• Soldiers assigned to the 232nd Medical Battalion hold U.S. flags after taking the U.S. Oath of Allegiance during a naturalization ceremony Nov. 20 at the Army Medical Department Museum auditorium.

    232nd Med. Bn. Soldiers

    Soldiers assigned to the 232nd Medical Battalion hold U.S. flags after taking the U.S. Oath of Allegiance during a naturalization ceremony Nov. 20 at the Army Medical Department Museum auditorium.

  • Maj. Gen. Russell Czerw, commander, Fort Sam Houston and Army Medical Department Center, congratulates newly sworn-in U.S. citizen-Soldiers assigned to the 232nd Medical Battalion during a naturalization ceremony at the Army Medical Department Museum auditorium.

    Czerw Congrats

    Maj. Gen. Russell Czerw, commander, Fort Sam Houston and Army Medical Department Center, congratulates newly sworn-in U.S. citizen-Soldiers assigned to the 232nd Medical Battalion during a naturalization ceremony at the Army Medical Department Museum...

FORT SAM HOUSTON, Texas -- Twelve Soldiers assigned to the 232nd Medical Battalion became United States citizens during a naturalization ceremony Nov. 20 at the Army Medical Department Museum auditorium.

Once the oath of citizenship was administered by Honorable John Primomo, U.S. Magistrate Judge, Families, friends and co-workers joined the new citizens in reciting the Pledge of Allegiance.

"This is an absolutely special day for twelve of our Army Medical Department Soldiers, as these men and women from various backgrounds, who possess many different life stories, have been brought together today for a common purpose, a purpose that goes beyond just the desire to live in this country, a desire to serve this country, a desire to call this country, my country," said host for the ceremony, Maj. Gen. Russell Czerw, commander Fort Sam Houston and Army Medical Department Center and School.

Czerw also recognized the Families of the soldiers in attendance. "I want to thank the Soldiers' Families because a Soldier's Family is his or her foundation, upon which their commitment to military service, in this case the Army, is built upon, and without that support we would not be the nation we are today.

"We have entered into a covenant with our military Families, and that covenant is a promise from our military community to provide you and our Families with the best possible quality of life that we can," Czerw said.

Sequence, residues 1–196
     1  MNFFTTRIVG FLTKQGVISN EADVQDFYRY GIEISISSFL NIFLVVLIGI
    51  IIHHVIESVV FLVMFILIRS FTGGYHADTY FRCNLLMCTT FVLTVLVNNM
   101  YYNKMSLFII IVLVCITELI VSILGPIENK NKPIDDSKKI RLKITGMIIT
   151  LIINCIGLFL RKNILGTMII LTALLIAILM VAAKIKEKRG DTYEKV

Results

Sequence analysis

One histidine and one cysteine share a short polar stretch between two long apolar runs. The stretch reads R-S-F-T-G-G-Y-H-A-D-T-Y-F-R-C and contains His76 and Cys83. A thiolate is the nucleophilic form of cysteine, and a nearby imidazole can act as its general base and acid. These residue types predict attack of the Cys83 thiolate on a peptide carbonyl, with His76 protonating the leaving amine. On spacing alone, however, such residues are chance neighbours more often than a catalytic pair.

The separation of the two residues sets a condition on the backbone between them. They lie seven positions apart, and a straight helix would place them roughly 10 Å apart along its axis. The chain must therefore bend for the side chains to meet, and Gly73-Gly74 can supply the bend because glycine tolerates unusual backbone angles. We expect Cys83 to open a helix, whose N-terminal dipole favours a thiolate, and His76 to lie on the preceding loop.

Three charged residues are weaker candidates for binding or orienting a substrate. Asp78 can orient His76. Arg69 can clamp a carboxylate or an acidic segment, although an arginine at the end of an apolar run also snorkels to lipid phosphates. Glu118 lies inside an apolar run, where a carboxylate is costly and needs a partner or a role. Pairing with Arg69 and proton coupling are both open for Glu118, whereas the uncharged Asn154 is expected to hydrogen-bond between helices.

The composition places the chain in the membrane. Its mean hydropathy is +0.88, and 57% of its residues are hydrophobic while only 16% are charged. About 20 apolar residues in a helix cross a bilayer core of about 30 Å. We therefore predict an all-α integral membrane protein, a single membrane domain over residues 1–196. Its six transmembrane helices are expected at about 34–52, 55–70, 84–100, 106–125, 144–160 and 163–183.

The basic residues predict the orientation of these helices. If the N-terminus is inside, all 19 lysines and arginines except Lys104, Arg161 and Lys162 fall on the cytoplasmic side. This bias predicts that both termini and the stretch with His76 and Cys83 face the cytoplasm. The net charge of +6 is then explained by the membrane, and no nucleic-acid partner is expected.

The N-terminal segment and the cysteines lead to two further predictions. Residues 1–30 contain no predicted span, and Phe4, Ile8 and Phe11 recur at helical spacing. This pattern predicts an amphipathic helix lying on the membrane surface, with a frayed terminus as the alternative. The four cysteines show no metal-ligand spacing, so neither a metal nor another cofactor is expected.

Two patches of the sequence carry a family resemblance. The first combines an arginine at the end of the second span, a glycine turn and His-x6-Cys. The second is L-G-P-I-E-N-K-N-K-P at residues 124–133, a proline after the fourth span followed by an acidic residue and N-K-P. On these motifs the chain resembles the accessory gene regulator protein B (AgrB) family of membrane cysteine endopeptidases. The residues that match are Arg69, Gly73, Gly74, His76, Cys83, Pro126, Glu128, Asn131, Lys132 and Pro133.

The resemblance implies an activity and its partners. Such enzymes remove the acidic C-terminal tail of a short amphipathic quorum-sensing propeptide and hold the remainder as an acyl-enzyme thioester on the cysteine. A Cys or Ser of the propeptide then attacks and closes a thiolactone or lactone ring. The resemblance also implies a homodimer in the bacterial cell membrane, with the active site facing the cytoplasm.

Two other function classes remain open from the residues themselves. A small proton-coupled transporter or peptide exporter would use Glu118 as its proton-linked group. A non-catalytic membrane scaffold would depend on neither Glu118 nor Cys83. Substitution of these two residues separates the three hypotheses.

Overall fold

Czerw said since 1775 Soldiers have fought in the battlefields to defend the ideals of our Nation and the principles of our Constitution.

He quoted Thomas Paine, one of the great orators of the American Revolution, "Those who expect to reap the blessings of freedom must, like men, undergo the fatigue of supporting it."

Czerw said these are powerful words, but if Paine said them today, he would have used the phrase, "like men and women" in his quote.

Addressing the new citizens, Czerw said, "Soldiers, you today, join more than 52,000 Soldiers, Marines, Sailors, and Airmen that have joined since 9/11, and over 9,000 just this year that freely chose to accept the enormous responsibilities, as well the benefits and rewards of becoming a citizen of these United States.

"Because you have lived our Army values: loyalty, duty, respect, selfless service, honor, integrity, and personal courage, this day has been possible because you made it possible."

Spc. Jin Hee Kim, born in South Korea who came to the U.S. at 16, attended Indiana University and graduated with a Bachelor of Arts with a double major in political science and Japanese, and a double minor in French and Business Management. She speaks Korean, Japanese, French and English.

Kim said, "I am now an American, I am very American, I am very proud to be an American, and I am so ready to work for America, for our national interest and national security, and I am so honored to be here."

When asked about her goals she said, "Since my native tongue is Korean, I would like to be a linguist in the Korean language, and be the liaison between the North Korean and American governments, so that I help resolve issues between the two governments."

New citizen Spc. Sanghoon Kang, originally from South Korea, has been in the U.S. for seven years. Kang changed his name to Spc. Chris Sanghoon Kang.

Kang said, "I am very happy, I really wanted to be a U.S. citizen for a long time."

Kang was a Marine officer in the Korean army. He missed the military life and so joined the U.S. Army. "I think that being a Soldier is the most admirable job in the world, so I am very happy and feel very honored."

According to Kang, whose wife lives in Los Angeles, she too is very happy, "I sent her a text message and a photo message of the ceremony."

"I think the impressive part of today's ceremony is the fact that, we, the citizens of the United States, defend and support our constitution, we do it freely, but we wear this uniform because we want to. Soldiers that have become citizens - it is an incredibly wonderful feeling and today's ceremony is the epitome of what this country and what this nation is all about," Czerw said.

Primomo who is with the United States District Court, for the Western District of Texas, San Antonio Division, said, "I have been able to preside over many naturalization ceremonies, but one of the more special parts is to be able to administer the oath of citizen to Soldiers who are serving the United States of America even before it is their country, so this a special day and honor for me and serve you as the presiding judge."

Page last updated Fri July 22nd, 2011 at 12:16